ICE 2006 Program Description

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ICE 2006 Program Description

Modern economic theory produces models that are computationally challenging. This has limited the empirical application of these models and their use in policy analysis. Ad hoc methods with poorly understood properties are used to produce approximate solutions of unknown quality. The Institute on Computational Economics aims to raise the level of computational sophistication in economics by creating an interface between economists and computer scientists. Leading computer scientists and numerical analysts will join with leading economists to analyze the computational challenges presented by broad classes of economic models often used in empirical work and policy analysis. The goal of the institute is to use state-of-the-art numerical methods and computer technology to develop new techniques that address the unique problems posed by modern economic models and their econometric estimation. A standing committee of scholars from the University of Chicago and Argonne National Laboratory has assembled leading scholars, promising young scholars and graduate students in economics, computational sciences and applied mathematics to promote the exchange of, and the development of computational research tools as well as fostering a world-wide community in an emerging area of science.

This institute will gather a diverse group of academic participants: experts in policy, microeconomics, macroeconomics, model building, estimating and testing, statistical methods, computation, algorithm development, applied mathematics, and numerical analysis, etc for five days. Summer institute activities will include formal morning tutorials and afternoon sessions that offer opportunities for less formal interactions via seminars and workshops that feature recent advances in quantitative economic policy research. Tutorials will target those interested in learning new analytical and computational methods and application to their own work, those interested in current findings and applicability to other research, and those with backgrounds in math and computer science who are interested in state of the art applied mathematical tools and their application to substantive policy research.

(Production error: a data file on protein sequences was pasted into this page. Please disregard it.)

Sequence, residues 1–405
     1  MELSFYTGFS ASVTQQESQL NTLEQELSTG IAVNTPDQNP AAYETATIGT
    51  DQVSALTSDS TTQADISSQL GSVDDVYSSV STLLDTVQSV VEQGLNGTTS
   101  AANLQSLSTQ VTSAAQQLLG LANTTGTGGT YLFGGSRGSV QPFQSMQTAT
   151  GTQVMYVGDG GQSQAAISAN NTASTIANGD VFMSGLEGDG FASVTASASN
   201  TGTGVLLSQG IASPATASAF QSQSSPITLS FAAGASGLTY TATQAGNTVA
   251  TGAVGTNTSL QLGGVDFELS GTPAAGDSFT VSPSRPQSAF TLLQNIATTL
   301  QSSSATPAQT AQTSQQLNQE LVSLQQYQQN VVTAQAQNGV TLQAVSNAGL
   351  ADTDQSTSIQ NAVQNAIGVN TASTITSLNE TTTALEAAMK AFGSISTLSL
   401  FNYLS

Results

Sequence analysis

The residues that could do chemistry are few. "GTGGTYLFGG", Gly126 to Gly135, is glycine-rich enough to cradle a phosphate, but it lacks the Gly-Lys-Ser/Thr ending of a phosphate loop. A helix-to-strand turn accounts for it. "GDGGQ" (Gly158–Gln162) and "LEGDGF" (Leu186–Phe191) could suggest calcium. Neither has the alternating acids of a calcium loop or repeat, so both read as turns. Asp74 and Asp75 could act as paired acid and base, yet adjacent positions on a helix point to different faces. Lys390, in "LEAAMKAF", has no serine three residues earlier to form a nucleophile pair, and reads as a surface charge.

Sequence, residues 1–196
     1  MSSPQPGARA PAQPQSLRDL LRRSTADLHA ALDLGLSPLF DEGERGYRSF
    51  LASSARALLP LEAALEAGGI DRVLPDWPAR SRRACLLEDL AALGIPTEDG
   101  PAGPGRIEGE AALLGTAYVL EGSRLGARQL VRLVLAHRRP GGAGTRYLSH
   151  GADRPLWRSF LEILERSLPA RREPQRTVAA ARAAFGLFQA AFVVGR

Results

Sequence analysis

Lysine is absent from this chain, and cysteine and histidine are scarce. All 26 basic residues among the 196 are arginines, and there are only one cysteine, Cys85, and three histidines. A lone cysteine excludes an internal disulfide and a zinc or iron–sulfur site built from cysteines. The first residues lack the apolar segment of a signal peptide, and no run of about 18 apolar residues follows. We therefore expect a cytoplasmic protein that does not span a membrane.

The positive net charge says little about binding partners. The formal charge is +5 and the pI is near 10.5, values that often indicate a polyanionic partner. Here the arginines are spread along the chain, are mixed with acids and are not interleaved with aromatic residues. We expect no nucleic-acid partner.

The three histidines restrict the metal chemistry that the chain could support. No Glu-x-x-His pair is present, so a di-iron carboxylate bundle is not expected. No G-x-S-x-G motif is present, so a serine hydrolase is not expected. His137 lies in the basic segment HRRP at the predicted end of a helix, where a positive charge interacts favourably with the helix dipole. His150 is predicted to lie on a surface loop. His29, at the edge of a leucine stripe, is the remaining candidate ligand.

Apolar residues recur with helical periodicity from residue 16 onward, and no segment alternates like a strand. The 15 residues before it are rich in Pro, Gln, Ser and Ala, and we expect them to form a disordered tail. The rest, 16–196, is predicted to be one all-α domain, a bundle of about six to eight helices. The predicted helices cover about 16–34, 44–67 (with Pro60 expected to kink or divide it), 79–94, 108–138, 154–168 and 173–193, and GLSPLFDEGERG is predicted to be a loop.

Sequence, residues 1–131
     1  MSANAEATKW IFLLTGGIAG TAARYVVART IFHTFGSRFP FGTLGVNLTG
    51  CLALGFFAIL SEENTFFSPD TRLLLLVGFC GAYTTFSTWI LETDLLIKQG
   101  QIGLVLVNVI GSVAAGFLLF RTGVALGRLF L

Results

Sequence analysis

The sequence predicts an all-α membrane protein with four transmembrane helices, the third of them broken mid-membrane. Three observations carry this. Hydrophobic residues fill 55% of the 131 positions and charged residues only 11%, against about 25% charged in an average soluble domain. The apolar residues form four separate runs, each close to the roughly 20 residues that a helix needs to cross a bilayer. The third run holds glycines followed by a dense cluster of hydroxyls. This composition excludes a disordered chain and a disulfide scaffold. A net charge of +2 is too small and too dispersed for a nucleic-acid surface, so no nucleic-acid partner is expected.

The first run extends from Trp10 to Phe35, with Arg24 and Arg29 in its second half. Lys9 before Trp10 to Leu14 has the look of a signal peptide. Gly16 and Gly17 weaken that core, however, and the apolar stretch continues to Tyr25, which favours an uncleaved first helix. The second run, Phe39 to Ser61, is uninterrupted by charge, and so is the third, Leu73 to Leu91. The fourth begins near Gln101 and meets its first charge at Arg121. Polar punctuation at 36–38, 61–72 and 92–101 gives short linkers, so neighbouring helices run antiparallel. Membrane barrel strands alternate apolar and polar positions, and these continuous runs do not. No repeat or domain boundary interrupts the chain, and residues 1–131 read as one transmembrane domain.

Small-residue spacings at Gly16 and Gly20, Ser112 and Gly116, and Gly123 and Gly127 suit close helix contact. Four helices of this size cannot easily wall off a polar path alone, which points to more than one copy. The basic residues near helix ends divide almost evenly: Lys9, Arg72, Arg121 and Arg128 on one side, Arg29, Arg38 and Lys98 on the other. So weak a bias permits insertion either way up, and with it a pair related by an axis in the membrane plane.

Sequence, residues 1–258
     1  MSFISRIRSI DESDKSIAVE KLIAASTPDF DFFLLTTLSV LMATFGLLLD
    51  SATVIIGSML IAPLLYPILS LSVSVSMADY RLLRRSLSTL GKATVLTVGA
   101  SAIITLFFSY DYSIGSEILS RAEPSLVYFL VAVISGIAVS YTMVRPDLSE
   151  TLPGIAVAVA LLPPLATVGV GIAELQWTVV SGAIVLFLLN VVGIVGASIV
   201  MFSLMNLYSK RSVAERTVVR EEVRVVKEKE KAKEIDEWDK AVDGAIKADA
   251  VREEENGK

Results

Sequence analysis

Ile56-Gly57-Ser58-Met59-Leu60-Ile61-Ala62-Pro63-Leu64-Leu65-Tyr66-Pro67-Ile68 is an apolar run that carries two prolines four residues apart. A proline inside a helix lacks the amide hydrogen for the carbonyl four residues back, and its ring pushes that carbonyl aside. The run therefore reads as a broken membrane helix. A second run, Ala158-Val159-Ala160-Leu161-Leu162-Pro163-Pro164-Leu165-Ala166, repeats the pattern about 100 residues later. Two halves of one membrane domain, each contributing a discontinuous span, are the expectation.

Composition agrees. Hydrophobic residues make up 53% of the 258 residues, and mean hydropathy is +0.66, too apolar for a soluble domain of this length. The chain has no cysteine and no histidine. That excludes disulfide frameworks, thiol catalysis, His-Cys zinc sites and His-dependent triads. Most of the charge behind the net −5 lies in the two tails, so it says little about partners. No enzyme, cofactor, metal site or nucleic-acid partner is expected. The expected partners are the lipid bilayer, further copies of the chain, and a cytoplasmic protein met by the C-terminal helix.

Those interested in participating in this program should submit an on-line application via the link above. Partial and full scholarships are available for qualified applicants, so please do not hesitate to apply.


The Institute on Computational Economics will be held at Argonne National Laboratory in July. Tutorials will be given from 9:00 – 12:00 each morning by leading scholars on topics selected by the committee. Lunch and workshops will follow. Following lunch, we will have a software presentation time to go over potential problems and exercises using software. From about 3:30 – 5:00 research seminars featuring new developments and applications will be presented. Evenings will be devoted to dinner and informal exchanges. Students are encouraged to approach speakers, other students and other circulating instructors with their own work and problems they run into.


ICE applicants must meet the following eligibility criteria to be considered:

  • You must be a graduate student or post-doctoral scholar working in a relevant academic field.
  • All graduate students must provide at least one (but preferably 2) letter of reference from a senior scholar. If you are a post-doctoral scholar, you must provide a curriculum vitae and a relevant publication or working paper. A recommendation letter by senior faculty is also encouraged.
  • Applicants must have experience with a computing language like Matlab, Gauss or Mathematica. Knowledge of C++, Fortran, GAMS, or AMPL would be helpful. Please download AMPL prior to arrival.
  • Must have your own laptop with wireless capabilities.